Blanchard said his handlers encouraged him to act as an informer against other clients or people he came in to contact with as he continued to work from the Costa del Sol. He said that in 2003 he became aware of two British fraudsters moving money for the IRA, and fed this back to police.
He said: "This involved a very large US conglomerate.
"The IRA had someone inside the company's bank who transferred £4.3 million to Spain." He told how he accompanied someone involved to a bank in Torremolinos to see the transfer completed, and ended up being arrested. But after making a phone call to Mr Munoz he was immediately released, he said.
Blanchard claimed his relationship with the Spanish police deteriorated in April 2004 after he was undercover on another fraud connected to a Birmingham Al-Qaeda cell.
He said he told his handlers about the British fraudsters ripping off two of his clients in the US for 100,000 euros.
One of the men was arrested and Blanchard claimed Mr Munoz obtained authorisation for him to look through his papers and phone records, which he claimed revealed details of the Birmingham terror cell and a scam to send £375,000 to Dubai and on to Spain. It was within these papers that he saw details of the two 7/7 bombers among several names and cash being moved from the UK to Spain, he claimed.
But, it was also at this time that he claims to have blown his cover by telling the local police he was assisting the intelligence service on terrorism matters.
He said that his handlers subsequently refused to give him the promised protection.
He said: "Within 10 days it had completely destroyed everything because I had broken my cover."
Blanchard claimed that not only was he cut off by his Spanish handlers, but they refused to confirm his alleged role with them when his name came up during a British police investigation into the £4.3million and £375,000 frauds.
His lawyer made repeated requests to Judge Baltazar Garzon, who was investigating Derbah and Palmer, for confirmation of his work with Spanish police and payment of expenses incurred.
He said: "I thought they'd be bound to confirm everything I was saying and what I provided, but they never responded or gave any information." In 2006, he was arrested in the UK for his alleged involvement in the frauds.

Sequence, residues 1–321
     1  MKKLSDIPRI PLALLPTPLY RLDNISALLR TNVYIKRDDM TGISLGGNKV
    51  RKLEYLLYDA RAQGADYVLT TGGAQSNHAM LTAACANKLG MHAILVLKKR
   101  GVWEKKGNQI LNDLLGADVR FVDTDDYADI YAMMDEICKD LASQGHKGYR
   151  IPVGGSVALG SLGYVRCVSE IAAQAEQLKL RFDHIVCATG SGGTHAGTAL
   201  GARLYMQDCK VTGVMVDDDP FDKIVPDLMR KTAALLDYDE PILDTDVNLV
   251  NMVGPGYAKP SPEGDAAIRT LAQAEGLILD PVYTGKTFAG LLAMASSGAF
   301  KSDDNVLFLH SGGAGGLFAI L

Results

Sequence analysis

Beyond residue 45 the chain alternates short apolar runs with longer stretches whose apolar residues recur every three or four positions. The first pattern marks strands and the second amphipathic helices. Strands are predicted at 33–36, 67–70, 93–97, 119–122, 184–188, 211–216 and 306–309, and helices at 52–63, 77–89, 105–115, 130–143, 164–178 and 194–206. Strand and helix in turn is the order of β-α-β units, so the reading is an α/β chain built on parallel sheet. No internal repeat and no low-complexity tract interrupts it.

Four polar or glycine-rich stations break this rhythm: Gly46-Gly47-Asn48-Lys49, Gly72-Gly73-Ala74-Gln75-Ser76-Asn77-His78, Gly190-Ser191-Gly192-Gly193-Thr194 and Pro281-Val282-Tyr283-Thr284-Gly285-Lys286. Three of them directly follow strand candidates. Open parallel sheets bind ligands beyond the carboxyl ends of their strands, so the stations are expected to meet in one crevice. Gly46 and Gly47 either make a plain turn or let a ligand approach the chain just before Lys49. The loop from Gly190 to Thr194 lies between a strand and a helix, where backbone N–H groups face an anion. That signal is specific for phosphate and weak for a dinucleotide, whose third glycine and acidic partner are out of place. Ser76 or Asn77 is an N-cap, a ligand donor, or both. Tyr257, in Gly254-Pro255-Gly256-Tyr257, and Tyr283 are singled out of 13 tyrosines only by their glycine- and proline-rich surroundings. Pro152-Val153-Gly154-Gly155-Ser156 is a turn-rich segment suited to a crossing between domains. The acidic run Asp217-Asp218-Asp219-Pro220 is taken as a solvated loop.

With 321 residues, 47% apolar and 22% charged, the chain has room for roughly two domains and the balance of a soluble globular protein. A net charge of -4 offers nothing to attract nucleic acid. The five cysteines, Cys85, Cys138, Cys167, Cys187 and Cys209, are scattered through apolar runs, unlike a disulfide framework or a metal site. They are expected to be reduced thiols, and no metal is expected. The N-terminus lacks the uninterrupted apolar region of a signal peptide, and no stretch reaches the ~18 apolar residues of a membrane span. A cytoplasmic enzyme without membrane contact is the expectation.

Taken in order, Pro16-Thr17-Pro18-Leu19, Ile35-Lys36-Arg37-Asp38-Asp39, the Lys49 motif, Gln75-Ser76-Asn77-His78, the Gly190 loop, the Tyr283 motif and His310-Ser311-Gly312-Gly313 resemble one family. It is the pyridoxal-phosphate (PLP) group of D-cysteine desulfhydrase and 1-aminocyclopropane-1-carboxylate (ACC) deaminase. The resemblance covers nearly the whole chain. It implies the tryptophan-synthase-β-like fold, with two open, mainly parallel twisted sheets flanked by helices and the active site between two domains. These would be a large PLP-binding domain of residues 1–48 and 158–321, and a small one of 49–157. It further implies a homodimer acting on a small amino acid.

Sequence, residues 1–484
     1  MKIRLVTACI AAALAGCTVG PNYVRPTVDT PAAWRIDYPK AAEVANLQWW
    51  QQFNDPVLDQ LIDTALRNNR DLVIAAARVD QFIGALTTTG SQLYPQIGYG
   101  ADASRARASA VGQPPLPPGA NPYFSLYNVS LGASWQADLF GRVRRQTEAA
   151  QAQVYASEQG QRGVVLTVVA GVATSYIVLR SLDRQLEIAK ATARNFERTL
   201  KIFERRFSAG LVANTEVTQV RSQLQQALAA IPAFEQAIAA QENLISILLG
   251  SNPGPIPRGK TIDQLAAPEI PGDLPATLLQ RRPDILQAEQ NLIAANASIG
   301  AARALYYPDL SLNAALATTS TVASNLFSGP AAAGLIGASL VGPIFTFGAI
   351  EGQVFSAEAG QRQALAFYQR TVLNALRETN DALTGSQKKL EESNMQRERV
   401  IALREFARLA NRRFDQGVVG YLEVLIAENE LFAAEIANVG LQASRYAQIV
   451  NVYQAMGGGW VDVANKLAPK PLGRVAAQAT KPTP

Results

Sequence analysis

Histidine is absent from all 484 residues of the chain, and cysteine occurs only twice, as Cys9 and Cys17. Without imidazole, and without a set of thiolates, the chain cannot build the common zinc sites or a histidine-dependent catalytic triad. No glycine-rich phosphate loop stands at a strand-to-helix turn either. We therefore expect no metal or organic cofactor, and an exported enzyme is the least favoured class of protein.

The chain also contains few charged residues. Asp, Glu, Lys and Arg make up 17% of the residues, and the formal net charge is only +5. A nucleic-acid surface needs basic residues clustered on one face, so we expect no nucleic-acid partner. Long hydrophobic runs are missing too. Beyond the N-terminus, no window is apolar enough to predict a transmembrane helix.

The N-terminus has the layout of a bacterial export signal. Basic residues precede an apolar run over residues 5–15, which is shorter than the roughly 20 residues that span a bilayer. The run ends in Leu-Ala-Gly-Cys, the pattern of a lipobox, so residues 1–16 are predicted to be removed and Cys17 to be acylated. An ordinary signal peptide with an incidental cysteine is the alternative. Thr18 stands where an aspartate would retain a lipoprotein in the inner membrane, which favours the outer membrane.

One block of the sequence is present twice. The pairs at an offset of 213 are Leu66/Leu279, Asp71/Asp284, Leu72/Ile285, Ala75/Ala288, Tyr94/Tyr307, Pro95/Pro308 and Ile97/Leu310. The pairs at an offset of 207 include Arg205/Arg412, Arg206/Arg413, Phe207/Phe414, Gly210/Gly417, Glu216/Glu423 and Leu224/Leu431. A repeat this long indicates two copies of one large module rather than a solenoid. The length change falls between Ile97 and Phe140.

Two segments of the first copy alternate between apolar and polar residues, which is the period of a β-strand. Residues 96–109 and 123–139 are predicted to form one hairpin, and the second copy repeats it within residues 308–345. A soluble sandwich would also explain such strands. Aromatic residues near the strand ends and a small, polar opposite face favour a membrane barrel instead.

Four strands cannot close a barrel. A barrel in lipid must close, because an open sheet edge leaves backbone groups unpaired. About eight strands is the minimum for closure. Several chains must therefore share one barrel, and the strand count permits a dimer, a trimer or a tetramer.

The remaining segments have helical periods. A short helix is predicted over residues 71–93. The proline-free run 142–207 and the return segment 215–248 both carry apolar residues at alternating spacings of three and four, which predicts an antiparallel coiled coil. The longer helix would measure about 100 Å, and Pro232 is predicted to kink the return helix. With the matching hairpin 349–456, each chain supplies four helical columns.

He said that with his covert recordings stuck in a lawyer's office in Spain, on legal advice in February 2008, he pleaded guilty to a number of fraud and money laundering charges and was jailed for six and a half years.
Despite the outstanding charges against him, Derbah remained on Tenerife as a businessman and well-known philanthropist. He even published a book about his time with Palmer in 2018.
Soon after, in April 2018 Blanchard was held in the UK on a European Arrest Warrant for allegations in Spain.
The Spanish warrant for Blanchard's arrest states that in 1998: "The (Spanish) police investigation begins at the request of the British authorities in connection with John Palmer."
Mark Summers, representing Blanchard, said about five months after his client began assisting the authorities, Derbah and a number of his associates, including a senior police officer from the island, were arrested in November 2001.
Palmer was arrested in 2002. He was about to stand trial over the case in 2015 when he was assassinated at his home in Brentwood, Essex.
At first his death was not regarded as suspicious but later it was discovered that he had several bullet wounds.
The murder remains unsolved. Daniel Sturnberg, representing Spain, said it was accepted Blanchard started out as a prosecution witness, but claimed that he later became a suspect due to incriminating comments made in his own statements.
He said there was no evidence he was ever guaranteed to be a protected witness.
He said despite allegedly recovering his tape recordings in 2011, Blanchard had not tried to overturn his British conviction. Blanchard claims he will do this if he successfully fights extradition.
Judgement has been adjourned a number of times due to coronavirus, but is now due to be handed down.